Meanwhile, a number of Scottish universities have assured EU students that there will be no change to their current status as non-fee paying students.
In a further bid to reassure European students studying in the country, Universities and Science Minister Jo Johnson tweeted: “UK welcomes EU students. Current students and this autumn’s applicants will continue to receive student finance for duration of their course.”
“We want to reassure them that EU students are an important part to the diversity of our university”
In a statement today, England’s SLC confirmed that EU nationals and their family members who are currently in higher education and assessed as eligible to receive funding from the SLC “will continue to receive these loans and grants until they finish their course”.
Current EU nationals studying in England are eligible for the same funding as domestic students, including loans to cover tuition fees for those who are residents in the EEA for three years. And EU students who have been residents in the UK for at least three years can have access to loans and grants for maintenance.
The SLC also said that the rules will remain unchanged for EU nationals and their families who plan on studying in England this autumn for the duration of their study.
The residency requirement increase to five years (based on previous immigration policy reform) will continue to apply for students seeking a maintenance loan.
Universities Wales have released a similar statement, ensuring loans and grant funding for EU nationals currently studying will be honoured through the duration of their course.
“The rules applying to EU nationals, or their family members, who have applied for a place at university from this August to study a course which attracts student support are unchanged,” it adds.
In Scotland, where European students account for almost 9% of enrolment, compared to 5% in England and 4% in Wales, tuition fee structures differ. Universities are operating under the assumption that the government will continue to cover tuition costs for EU nationals for at least two years.
“Any new funding arrangements will only take place after two years’ time when Brexit happens,” Robin Gordon, head of admissions at Glasgow University, told The PIE News.
Like other universities around the UK, Glasgow issued messages on Friday reassuring current and future EU students that their fee paying status would not change as a result of the referendum outcome.
“We want to reassure them that EU students are an important part to the diversity of our university,” said Gordon.
On Friday, Ian Diamond, principal and vice-chancellor of the University of Aberdeen, issued a statement confirming that nothing at the university will change overnight.
“The good news is we’ve had no concerned calls from students yet”
“I have reassured our EU staff colleagues that barring any unilateral action from the UK government, the ‘Leave’ vote will have no immediate impact on current terms and conditions of employment. I have also assured them of our commitment to working with them to manage any changes that may arise subsequently,” he said.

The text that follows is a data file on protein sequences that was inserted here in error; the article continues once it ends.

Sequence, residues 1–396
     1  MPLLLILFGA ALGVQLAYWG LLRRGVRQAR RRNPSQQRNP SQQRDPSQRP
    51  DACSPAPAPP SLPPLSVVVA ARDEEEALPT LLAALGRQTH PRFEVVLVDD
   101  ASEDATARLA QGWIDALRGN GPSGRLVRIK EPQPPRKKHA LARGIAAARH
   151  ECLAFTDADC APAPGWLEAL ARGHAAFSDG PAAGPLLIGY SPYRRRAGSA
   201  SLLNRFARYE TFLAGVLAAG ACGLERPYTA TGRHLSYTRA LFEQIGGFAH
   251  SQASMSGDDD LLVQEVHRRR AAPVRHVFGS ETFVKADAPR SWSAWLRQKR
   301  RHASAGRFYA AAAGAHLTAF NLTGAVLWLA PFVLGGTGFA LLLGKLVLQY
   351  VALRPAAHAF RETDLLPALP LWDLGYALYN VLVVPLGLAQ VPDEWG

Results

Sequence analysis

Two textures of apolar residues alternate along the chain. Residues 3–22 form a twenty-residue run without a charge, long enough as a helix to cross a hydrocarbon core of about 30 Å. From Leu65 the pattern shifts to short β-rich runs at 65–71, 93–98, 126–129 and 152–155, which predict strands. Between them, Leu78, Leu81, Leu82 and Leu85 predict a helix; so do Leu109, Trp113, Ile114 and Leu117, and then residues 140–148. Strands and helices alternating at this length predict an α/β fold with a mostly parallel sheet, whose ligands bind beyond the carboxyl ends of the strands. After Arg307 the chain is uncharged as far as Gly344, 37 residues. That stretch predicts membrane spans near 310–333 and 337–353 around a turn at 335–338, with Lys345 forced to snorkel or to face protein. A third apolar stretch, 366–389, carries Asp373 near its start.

“Similarly, I have today also written to current EU students and those joining us later this year to reassure them that there will be no change to their fee status. I have assured them that if there is any change during their course of study, the university will cover the cost of any tuition fees to allow students to complete their degree studies at Aberdeen.”
Despite efforts to shore up confidence in EU student funding, Gordon expressed concern that the situation’s ongoing uncertainty will deter students from studying in the UK.
“I’m very concerned about the perception that students will not want to come because of the lack of clarity and certainty,” he said, but added that the university did not start Monday morning responding to concerned phone calls or emails from EU students.
“The good news is we’ve had no concerned calls from students yet. We half expected that would be the case,” he said.
In response to the possibility of a second Scottish referendum for independence from the UK, Gordon said: “A Scottish referendum could create even more uncertainty and would be a cause for even further concern.”
Meanwhile the country’s position in the Erasmus programme could also be at risk.
Jean-Bernard Adrey, director of the Centre for Global Engagement at Coventry University, said the university has been in touch with EU students studying on exchange programmes through the Erasmus programme to assure them that no immediate changes will take affect as a result of Thursday’s referendum outcome.
“We have been in touch with our Erasmus partners to reassure them that EU students are very welcome and valued here and that the university will continue to embrace diversity as a great form of cultural capital,” he told The PIE News.
“I’m confident we have not seen the end of the Erasmus programme which is seen by all as a key mechanism to develop global skills, which even the ‘Leave’ campaign leaders such as Boris Johnson recently praised.”
However once outside of the EU, in two to three years, the UK might have to establish new funding mechanisms, he said.
“It could be that the UK will have to consider alternative models like that of Switzerland where they are an ‘associate’ partner of the Erasmus programme and where the subsistence fees for both incoming and outgoing students are paid for by the government.”